Notes on Python Objects

Introduction

This article will walk you through the basics of Python objects; we will discuss mutable and immutable objects, and the inbuilt functions id() and type().
Before we dive in, What is Object Oriented Programming?
Object Oriented Programming (OOP) is an approach or a paradigm of programming revolving around the concept of classes and objects. It also implements four major concepts — Inheritance, Polymorphism, Abstraction, and Encapsulation.

Image source: DataCamp

Everything(data) we work with in Python is an object of a class. Classes are blueprints for creating objects. In OOP, we define a structure in what is known as a class and then we use that class to create objects. When you create data in Python, you are creating an object which is an instance of a specific class. The class defines how an object can interact with other parts of a program.
Asides from the classes and objects you can create when working with Python, there are built-in classes that have been pre-defined in Python.

Image source: Quora

ID and Type Functions

The built-in function id() gives us the ability to check the unique identifier of an object. The unique identifier points to a location in the memory which is an object. When an object is passed through the id() function as an argument, it returns the memory address in the CPython implementation. This function can also be used to determine whether or not two variables point to the same object using the equality operator (==).

The built-in function type() takes an object as its argument and returns the type of that object. The type() function can also be used to initialize classes or existing classes with attributes dynamically by taking three arguments.

From the image below, we can see that the type of the variable a is a string and it is an object of the built-in class str (string).

Mutable Objects

Mutable objects are objects that are modifiable. This means that the content and state of a variable that is mutable can be changed or mutated at any time by another method. Examples of mutable objects are lists, sets, dictionaries, and byte arrays.

From the image above, we can see that the integer at index 0 of the mutable_obj list could be modified. This is because a list is a mutable object.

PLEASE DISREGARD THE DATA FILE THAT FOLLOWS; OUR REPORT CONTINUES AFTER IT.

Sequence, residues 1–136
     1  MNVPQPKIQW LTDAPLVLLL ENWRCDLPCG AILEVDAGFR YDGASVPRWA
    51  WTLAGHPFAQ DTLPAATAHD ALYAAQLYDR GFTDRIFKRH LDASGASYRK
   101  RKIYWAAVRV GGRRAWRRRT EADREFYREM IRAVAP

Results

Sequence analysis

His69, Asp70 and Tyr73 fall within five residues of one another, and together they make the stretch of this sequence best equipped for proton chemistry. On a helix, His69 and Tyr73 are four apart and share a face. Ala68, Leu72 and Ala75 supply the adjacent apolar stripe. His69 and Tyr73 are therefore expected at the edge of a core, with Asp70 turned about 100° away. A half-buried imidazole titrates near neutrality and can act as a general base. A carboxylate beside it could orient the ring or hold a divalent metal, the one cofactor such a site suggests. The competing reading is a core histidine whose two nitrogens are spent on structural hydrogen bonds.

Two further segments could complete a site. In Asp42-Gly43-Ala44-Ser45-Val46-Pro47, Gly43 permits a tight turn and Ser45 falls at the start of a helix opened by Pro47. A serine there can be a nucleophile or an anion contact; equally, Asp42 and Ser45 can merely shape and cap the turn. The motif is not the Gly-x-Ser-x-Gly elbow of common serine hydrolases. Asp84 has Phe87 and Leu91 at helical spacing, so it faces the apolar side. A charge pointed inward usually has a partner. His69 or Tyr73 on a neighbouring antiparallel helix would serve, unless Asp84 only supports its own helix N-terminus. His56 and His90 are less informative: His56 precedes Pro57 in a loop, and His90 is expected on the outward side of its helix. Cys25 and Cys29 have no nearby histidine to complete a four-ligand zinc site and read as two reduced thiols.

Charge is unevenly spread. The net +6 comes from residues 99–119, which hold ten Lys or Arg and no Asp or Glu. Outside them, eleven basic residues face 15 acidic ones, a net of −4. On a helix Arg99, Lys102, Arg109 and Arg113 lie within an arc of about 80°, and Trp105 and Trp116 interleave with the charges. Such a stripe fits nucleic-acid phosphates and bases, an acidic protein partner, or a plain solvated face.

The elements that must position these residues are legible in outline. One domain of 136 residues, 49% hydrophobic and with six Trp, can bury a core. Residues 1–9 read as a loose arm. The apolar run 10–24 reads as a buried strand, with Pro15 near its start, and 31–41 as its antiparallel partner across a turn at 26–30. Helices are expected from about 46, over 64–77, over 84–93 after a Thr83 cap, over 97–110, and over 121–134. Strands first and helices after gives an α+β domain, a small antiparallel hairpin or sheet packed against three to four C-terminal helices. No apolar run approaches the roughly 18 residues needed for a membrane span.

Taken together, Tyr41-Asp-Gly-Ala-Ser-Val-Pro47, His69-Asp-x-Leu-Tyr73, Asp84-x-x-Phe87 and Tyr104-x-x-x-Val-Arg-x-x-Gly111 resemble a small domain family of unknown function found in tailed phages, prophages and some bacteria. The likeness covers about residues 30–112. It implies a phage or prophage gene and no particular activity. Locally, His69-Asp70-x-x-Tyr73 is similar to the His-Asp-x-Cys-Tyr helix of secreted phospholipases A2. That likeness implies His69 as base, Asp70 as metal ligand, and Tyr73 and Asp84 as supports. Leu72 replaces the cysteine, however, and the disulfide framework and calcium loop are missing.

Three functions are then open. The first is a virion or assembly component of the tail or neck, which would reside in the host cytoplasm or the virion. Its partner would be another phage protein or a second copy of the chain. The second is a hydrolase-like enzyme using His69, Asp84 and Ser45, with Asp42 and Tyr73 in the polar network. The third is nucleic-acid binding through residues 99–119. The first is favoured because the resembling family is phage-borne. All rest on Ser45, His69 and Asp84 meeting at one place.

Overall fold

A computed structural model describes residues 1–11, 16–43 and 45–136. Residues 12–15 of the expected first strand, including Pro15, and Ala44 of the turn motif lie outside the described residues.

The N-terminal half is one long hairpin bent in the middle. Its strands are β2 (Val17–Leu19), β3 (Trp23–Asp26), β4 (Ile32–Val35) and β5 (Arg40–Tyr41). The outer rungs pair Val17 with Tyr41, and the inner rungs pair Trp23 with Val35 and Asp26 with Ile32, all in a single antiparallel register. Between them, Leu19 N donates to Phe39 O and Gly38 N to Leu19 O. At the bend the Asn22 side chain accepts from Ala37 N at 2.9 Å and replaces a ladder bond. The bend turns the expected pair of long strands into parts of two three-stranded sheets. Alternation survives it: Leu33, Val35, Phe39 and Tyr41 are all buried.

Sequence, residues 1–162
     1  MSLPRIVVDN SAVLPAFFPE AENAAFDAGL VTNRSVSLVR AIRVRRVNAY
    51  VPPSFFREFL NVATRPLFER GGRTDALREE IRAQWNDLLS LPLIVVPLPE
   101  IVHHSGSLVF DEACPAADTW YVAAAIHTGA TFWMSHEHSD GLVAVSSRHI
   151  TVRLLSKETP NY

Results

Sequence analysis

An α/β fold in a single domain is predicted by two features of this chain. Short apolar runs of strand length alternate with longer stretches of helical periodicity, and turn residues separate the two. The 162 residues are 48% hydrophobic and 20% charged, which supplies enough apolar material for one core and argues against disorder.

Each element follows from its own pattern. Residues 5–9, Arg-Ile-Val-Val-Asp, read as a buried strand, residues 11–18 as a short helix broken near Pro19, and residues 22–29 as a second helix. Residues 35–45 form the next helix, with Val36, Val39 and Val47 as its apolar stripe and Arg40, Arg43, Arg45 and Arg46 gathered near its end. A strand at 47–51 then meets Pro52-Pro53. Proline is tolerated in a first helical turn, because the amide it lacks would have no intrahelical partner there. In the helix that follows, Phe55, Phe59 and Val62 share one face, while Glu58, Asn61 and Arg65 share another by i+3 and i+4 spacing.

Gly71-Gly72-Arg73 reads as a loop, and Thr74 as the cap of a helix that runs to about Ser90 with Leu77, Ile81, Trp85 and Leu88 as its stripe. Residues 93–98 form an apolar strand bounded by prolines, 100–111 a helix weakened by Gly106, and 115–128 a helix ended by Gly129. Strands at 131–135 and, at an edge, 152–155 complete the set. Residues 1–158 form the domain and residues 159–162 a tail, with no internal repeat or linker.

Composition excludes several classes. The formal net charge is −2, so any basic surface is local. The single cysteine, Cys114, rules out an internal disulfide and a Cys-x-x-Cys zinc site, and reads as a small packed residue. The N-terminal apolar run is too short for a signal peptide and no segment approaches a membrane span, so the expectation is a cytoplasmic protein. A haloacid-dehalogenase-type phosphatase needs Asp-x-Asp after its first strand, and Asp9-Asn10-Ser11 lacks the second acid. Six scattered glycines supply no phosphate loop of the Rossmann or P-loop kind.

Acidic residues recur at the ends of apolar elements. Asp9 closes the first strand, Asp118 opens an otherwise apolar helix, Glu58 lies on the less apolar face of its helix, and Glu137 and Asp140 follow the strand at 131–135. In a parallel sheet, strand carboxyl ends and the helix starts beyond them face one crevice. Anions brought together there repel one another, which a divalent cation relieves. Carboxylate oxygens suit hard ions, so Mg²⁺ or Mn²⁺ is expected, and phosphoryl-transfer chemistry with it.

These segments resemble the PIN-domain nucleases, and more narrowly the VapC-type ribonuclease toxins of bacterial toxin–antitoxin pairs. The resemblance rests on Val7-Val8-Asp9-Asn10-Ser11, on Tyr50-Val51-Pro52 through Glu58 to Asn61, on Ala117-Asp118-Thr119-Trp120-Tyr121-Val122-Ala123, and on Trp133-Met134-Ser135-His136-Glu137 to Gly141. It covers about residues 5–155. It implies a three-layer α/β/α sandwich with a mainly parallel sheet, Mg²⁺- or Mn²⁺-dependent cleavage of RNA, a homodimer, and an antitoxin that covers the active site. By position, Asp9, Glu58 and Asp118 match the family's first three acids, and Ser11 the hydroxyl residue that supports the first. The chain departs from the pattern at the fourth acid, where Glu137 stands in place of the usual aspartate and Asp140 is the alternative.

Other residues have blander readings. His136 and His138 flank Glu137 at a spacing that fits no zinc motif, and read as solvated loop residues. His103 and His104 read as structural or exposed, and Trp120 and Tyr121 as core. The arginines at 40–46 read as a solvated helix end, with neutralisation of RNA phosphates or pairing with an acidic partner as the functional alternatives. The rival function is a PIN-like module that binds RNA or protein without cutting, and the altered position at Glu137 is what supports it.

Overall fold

Immutable Objects

Immutable means non-modifiable. This means they cannot be changed after they are created. With immutable objects, no matter how many times a function is called with the same variable, the output will always be the same. Examples of immutable objects are all primary data types like integers, strings, complex, tuples, bool, float, frozen sets, and bytes.

From the image above, we can see that the immutable_obj string returned an error on an attempt to be modified. This is because a string is an immutable object.

Note: Although tuples and frozen sets are immutable, they can contain mutable objects.

Why does it matter and how differently does Python treat mutable and immutable objects?

Mutable and immutable objects are treated differently in Python because of their characteristics. Mutable objects are slower to access than immutable objects. Mutable objects are also more expensive to change than immutable objects because changing them requires the creation of copies which requires more memory. Mutable objects are recommended when there is a need to change the size or content of the object, while immutable objects are used when you want to guarantee that the value of an object will always stay the same. Immutable objects are also easier to debug.

How arguments are passed to functions and what that implies for mutable and immutable objects

Python passes arguments to functions by assignment. This is similar to passing arguments by reference. The passed arguments are assigned to the function’s local variables. However, simply because the called function has access to the address of the caller’s arguments does not mean that it can change any of the objects those arguments refer to. Only objects that are mutable and referenced by provided parameters can be modified. On the mutable objects specified by the parameters, aliasing is possible.

Passing by reference means that the caller’s given argument will be the same as the called function’s parameter. The called function’s parameter will be a copy of the caller’s supplied argument when pass by value is used.

NSMALLPOSINTS and NSMALLNEGINTS

The integers -5 to 256 are NSMALLNEGINTS to NSMALLPOSINTS. This collection of 262 integers has been pre-allocated, and all references to them are aliases. This is due to the fact that they are the most frequently used integers, and it is reasonable to cache them.

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Cumi Oyemike

Cumi Oyemike

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